Beyond documenting the financial and tragic toll roads take Metro crunched the numbers and published many interesting charts and graphs to put this problem into perspective. One chart shows the rate of serious collisions (fatal or serious injury) in all 28 cities in the Portland metro area. Portland came in 9th and six of the top 10 are in Clackamas County.

Unsafe conditions on our major arterials is one of the biggest takeaways from this study. The chart below shows serious crashes by type of roadway:

Despite making up just 19% of the total system, 49% of all serious collisions happen on 4-5 lane arterial roads:

Wider roadways are the location of a disproportionate number of serious crashes in relation to both their share of the overall system (Figures 3-4 and 3-5) and the vehicle-miles travelled they serve (Figure 3-6). The crash rate increases dramatically for roadways with 6 or more lanes.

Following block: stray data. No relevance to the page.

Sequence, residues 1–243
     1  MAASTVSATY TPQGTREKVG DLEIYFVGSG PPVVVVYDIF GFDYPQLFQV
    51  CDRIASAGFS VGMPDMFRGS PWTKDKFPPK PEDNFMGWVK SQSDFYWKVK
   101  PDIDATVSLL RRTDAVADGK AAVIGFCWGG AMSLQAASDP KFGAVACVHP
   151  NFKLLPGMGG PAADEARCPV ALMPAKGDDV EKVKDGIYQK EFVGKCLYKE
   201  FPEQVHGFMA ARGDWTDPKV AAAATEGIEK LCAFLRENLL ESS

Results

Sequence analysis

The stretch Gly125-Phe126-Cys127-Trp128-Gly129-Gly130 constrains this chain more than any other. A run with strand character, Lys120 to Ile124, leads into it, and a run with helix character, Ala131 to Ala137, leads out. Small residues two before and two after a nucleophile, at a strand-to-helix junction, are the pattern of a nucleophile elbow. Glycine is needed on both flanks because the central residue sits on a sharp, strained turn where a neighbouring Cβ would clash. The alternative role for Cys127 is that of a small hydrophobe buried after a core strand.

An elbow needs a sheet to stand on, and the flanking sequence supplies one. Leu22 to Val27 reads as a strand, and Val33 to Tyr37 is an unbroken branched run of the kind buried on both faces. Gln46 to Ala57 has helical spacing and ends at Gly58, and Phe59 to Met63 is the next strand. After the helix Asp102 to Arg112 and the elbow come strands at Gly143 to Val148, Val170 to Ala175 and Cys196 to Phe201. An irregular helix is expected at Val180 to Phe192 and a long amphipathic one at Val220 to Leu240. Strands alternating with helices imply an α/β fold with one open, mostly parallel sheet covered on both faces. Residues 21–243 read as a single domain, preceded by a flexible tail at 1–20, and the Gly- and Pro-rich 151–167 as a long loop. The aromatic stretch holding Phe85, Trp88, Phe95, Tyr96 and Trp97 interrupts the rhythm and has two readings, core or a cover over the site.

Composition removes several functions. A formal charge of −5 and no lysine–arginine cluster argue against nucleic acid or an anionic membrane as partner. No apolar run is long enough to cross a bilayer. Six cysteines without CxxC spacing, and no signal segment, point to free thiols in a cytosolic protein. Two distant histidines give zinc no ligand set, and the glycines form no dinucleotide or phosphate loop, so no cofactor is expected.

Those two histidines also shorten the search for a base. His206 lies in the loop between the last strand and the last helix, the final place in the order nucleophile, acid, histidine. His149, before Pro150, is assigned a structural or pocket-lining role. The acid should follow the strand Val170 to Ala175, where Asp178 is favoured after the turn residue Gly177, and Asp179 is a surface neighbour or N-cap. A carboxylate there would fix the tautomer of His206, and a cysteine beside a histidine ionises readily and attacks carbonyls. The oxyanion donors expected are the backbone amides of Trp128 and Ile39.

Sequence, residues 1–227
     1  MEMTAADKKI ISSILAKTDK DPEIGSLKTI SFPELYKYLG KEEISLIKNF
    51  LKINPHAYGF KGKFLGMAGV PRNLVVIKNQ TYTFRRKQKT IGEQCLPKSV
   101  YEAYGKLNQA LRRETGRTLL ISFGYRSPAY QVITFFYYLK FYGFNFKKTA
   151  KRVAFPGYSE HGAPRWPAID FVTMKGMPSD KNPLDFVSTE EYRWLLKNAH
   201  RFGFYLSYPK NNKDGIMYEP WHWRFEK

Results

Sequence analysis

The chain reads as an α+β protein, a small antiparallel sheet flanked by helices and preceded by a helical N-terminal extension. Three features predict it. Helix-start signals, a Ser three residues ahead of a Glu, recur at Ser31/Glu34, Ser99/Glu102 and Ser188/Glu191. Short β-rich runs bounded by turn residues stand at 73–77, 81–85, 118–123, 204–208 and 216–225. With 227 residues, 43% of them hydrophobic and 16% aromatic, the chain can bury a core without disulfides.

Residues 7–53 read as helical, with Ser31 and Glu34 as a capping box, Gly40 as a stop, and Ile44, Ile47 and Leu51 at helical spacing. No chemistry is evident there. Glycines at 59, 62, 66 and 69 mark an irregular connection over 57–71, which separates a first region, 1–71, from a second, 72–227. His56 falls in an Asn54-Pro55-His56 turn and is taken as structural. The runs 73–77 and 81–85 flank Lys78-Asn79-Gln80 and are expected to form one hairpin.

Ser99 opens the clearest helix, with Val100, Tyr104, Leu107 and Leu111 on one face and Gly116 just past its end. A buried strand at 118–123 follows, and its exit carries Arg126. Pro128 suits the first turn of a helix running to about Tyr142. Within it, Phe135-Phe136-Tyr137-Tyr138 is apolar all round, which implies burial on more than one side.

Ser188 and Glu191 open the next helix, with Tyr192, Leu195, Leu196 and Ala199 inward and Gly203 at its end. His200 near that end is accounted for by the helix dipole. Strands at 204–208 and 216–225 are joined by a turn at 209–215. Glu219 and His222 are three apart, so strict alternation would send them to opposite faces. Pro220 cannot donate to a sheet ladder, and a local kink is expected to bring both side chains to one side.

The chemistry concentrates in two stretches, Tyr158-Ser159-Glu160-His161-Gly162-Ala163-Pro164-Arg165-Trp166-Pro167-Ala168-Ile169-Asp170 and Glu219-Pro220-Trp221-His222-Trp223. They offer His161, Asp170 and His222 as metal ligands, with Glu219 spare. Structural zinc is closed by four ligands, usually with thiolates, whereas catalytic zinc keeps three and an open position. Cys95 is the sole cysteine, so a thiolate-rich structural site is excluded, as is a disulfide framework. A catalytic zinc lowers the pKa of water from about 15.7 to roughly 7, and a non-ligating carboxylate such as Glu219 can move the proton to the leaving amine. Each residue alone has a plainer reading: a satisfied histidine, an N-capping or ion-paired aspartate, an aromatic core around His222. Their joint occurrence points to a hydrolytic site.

Another interesting conclusion in the report was that congested (non-freeway) streets are safer. The report states, “The serious crash rate per vehicle-mile travelled is highest for uncongested non-freeway roadways.” (This comes just a day after PBOT told us they had to increase auto capacity in the Williams Ave Safety Project because they are worried about congestion.)…

Interestingly, the report found that Portland has 68% of the region’s serious bicycle collisions, as well as the highest rate of serious bicycle collisions per capita and per vehicle mile traveled. (52% of those collisions happened on arterials.)

When it comes to the cause of serious bicycle crashes, failure to yield the right of way is the most common…